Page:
Neo Rauch sounds like a new art movement, which is almost true since a loosely-organized German school has arisen around this Leipzig artist (b. 1960), according to the curatorial note. The paintings, specially done for this Met exhibition, mix Surrealist and social realist images. I found the paintings hard to appreciate because most of the time I felt I was trying to read code without a key. I did like a few of the paintings. "Hunter's Room," with its cartoon figures in a social realist setting, reminded me of Otto Dix and fellow German expressionists.
"The Next Move" struck me as humorous in its juxtaposition of the artists thinking about their next projects, and the seduction in bed behind them.
I also looked in at "Hidden in Plain Sight: Contemporary Photographs from the Permanent Collection." Jean-Marc Bustamante elevates a newstand in a narrow alley into an image of great formal beauty, full of light and shade.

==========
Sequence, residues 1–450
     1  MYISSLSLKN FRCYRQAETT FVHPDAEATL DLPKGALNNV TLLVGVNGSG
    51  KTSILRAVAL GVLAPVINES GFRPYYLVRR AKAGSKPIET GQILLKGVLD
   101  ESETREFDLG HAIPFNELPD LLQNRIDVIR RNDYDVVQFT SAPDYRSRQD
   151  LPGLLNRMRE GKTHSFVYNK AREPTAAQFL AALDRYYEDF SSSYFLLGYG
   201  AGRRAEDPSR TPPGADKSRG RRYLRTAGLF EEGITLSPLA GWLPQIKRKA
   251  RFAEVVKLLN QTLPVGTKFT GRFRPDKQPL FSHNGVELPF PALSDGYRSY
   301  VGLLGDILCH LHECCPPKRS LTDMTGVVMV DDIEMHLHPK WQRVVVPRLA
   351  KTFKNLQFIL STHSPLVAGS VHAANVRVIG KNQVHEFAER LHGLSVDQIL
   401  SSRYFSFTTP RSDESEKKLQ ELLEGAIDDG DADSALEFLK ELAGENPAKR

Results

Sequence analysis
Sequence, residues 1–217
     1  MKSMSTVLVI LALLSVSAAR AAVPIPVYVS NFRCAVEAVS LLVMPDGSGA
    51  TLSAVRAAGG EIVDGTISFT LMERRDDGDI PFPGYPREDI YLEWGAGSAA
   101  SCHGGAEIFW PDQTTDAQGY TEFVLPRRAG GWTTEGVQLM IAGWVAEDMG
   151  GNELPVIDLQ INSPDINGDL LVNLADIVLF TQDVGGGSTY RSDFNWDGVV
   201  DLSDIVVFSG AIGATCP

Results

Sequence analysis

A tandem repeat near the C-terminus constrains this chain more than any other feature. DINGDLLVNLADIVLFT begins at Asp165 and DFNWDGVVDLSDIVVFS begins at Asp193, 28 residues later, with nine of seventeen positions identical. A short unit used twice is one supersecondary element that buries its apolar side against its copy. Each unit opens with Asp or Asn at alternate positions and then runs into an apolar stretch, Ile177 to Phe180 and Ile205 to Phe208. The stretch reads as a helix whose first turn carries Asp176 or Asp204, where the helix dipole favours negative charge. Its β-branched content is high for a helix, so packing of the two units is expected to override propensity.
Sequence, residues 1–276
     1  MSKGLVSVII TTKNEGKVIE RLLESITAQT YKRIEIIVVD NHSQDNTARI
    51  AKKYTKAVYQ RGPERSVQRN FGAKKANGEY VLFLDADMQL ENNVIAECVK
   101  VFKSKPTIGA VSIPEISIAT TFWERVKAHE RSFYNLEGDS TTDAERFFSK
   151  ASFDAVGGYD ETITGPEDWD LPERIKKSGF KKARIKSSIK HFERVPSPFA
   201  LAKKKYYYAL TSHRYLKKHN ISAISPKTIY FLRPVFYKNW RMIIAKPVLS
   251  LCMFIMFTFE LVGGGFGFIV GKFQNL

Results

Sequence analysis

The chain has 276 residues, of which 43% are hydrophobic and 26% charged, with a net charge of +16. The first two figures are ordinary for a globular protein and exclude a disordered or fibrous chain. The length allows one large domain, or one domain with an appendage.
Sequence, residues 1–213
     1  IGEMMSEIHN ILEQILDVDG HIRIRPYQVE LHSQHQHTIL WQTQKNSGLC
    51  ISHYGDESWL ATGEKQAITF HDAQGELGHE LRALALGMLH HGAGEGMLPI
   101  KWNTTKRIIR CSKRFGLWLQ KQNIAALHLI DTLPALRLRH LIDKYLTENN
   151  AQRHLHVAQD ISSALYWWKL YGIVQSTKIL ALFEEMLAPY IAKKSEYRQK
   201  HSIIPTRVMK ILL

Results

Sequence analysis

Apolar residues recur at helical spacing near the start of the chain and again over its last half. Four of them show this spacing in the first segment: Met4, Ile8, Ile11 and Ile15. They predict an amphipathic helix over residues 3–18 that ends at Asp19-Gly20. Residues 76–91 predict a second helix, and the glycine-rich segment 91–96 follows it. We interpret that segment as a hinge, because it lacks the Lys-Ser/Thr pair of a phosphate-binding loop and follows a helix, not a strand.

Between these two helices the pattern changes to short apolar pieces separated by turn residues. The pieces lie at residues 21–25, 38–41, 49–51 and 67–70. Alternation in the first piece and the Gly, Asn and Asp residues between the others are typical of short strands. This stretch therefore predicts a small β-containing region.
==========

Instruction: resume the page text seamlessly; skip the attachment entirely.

I saw William Eggleston's works for the first time. He used a process called dye transfer to achieve brilliant colors. I cannot find the photograph I liked so much: a box of tin cans on a piece of sandy ground cratered by two puddles, and embossed with tire tracks. His website showcases other works. The lone Stephen Shore print there more than held its own against the others.
I also spent some time looking at Manet's painting of his wife, in the European paintings collection.
Madame Manet (Suzanne Leenhoff, 1830–1906) at Bellevue, 1880.
Manet painted this last portrait of his wife three years before his death in 1883. He was only 51 when he died. I think the painting is a moving tribute to her strength and support for the artist. Not only is the figure sitting with her back straight and resolute, her chair, with its brown back and curling arm-rests, resembles a tree and its roots. Her own clothes are painted in shades of brown, her hat in straw color, her hands in ochre. Though seated, she is wearing her hat, as if she is ready to take a walk along the path, of which only a wedge can be seen. Her eyes hidden behind the hat, she preserves an autonomy opaque to the artist and the viewer. What are revealed, in this meticulously-dressed woman, are her strong nose, and her firm but sweet lips.